Reported by Cheryl Whiting
When people move to a new city, they may adopt the city’s sports teams as their own, which can help them connect socially, but can also complicate things when interests or team loyalties lie elsewhere.
John Russell teaches sports philosophy at Langara College and has published a paper challenging the notion of loyalty to sports teams.
“Our allegiances to sports team are accidents of geography, usually. What these teams provide is an opportunity to participate in a narrative of a community and in the narrative of a team that’s a big part of that community,” he said.
Russell says it can be difficult for people coming to a new place to acclimatize to a new sports team, especially if they are loyal to another team.
Sticking with hometown team
Lydia Dani moved from Alberta a few months ago to study at Langara. She is an Edmonton Oilers fan, and cannot see that changing quickly.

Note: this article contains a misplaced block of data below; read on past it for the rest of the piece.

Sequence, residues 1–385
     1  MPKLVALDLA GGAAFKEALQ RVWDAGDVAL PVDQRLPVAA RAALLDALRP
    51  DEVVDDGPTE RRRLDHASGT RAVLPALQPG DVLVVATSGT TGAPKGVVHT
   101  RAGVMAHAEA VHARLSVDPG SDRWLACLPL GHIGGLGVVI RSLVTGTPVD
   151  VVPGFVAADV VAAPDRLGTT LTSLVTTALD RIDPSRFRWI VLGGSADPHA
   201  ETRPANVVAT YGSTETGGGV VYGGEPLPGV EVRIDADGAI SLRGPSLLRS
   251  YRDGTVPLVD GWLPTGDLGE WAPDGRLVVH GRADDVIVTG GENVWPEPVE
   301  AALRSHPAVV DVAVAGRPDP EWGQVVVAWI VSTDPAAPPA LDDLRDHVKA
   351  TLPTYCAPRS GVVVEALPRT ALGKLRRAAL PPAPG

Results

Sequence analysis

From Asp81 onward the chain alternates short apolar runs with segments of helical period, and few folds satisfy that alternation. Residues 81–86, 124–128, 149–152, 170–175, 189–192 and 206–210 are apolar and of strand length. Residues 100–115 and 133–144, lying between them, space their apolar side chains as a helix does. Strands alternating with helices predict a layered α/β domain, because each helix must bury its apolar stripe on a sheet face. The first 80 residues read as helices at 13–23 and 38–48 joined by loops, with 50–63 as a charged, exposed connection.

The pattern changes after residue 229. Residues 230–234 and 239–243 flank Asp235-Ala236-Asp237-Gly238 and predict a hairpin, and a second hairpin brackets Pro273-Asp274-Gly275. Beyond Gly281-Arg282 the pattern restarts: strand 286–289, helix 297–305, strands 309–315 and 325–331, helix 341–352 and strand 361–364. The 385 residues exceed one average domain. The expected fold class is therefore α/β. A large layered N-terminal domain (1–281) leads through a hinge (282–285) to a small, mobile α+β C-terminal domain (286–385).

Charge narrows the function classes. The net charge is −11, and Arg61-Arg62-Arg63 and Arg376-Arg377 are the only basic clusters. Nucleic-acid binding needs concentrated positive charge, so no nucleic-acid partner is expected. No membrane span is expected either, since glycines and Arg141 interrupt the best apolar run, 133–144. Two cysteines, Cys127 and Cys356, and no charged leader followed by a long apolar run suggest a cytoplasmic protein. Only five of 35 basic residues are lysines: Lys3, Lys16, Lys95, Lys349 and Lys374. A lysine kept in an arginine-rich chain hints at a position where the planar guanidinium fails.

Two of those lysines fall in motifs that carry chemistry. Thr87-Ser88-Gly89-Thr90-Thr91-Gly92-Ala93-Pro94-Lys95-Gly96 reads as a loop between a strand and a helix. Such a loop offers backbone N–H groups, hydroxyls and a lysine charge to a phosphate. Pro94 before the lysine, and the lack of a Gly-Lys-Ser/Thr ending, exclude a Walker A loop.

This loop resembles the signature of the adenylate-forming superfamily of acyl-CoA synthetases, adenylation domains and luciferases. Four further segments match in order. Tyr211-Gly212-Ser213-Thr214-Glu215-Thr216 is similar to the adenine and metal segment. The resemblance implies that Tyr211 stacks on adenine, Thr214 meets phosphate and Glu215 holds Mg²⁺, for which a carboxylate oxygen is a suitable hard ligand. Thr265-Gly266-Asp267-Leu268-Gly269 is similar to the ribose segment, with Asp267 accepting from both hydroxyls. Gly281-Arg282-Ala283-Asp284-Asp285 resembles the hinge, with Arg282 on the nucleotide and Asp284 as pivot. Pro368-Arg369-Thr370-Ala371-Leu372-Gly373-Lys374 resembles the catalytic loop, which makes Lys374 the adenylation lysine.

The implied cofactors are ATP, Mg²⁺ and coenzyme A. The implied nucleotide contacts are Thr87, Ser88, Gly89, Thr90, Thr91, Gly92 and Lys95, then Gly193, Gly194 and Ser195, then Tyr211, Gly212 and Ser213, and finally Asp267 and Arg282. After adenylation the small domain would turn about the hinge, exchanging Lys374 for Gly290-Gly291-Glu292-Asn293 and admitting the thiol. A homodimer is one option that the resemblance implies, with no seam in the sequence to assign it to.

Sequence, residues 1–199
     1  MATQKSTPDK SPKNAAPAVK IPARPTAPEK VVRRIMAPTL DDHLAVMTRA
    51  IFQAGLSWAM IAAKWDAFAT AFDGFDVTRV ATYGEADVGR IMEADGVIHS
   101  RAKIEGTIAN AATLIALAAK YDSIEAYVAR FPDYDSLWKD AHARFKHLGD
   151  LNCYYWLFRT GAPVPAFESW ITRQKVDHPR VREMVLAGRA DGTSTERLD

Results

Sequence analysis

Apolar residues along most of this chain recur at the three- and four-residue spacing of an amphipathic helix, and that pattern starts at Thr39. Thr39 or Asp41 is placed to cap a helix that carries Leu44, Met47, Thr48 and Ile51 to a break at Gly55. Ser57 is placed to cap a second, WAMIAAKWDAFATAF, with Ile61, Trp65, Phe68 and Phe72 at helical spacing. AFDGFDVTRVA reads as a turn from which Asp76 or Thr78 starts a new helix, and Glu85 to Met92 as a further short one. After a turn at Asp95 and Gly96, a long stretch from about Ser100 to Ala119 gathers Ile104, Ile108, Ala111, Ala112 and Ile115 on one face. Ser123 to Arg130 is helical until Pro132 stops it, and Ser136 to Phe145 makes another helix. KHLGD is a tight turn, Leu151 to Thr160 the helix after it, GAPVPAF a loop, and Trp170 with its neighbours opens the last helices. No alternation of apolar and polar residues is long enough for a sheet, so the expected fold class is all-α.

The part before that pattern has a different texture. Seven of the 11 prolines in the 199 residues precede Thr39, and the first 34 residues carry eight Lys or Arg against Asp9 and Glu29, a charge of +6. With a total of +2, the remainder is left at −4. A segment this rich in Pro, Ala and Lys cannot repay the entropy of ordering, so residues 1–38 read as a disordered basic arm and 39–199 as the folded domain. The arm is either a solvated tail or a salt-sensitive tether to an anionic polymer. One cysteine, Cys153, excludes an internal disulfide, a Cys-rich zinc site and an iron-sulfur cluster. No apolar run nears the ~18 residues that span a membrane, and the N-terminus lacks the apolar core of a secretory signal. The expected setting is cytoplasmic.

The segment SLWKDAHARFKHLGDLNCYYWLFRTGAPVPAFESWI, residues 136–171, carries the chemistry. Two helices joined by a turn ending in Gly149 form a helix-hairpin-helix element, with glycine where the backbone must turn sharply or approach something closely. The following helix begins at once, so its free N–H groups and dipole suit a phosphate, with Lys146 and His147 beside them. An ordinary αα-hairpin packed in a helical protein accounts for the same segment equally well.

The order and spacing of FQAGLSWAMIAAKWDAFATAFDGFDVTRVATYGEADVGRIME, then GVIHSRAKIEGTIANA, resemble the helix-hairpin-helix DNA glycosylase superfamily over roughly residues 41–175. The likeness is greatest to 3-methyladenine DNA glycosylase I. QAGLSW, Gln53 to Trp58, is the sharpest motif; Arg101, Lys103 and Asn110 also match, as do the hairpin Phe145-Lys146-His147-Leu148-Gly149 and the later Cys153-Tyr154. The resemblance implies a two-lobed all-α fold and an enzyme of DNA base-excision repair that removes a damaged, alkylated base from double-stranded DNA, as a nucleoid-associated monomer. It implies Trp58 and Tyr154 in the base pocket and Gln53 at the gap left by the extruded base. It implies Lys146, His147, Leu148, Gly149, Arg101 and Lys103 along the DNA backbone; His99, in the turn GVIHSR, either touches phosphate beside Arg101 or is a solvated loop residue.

“I’m still attached to [the Oilers],” she said. “If I went to a game of the Canucks and the Oilers here, I would be rooting for Edmonton.”
Karan Gosal is an international student from India. He knows little about hockey, but would like to attend a Canucks game.
“[My friends and I] are new to Canada. We don’t know about the games over here. We have been here for eight months,” Gosal said. “I’m planning on watching an ice hockey game.
“My friend [saw one]. I also want to go, I find ice hockey very interesting.”
Russell feels that sports can encourage community but being too loyal to a team can cause problems.
“These allegiances are not benign,” he said. “There are sometimes riots. The partisanship contributes to tribalism, [and] that is a mixed bag morally. It does encourage community, but community can be oppressive,” Russell said.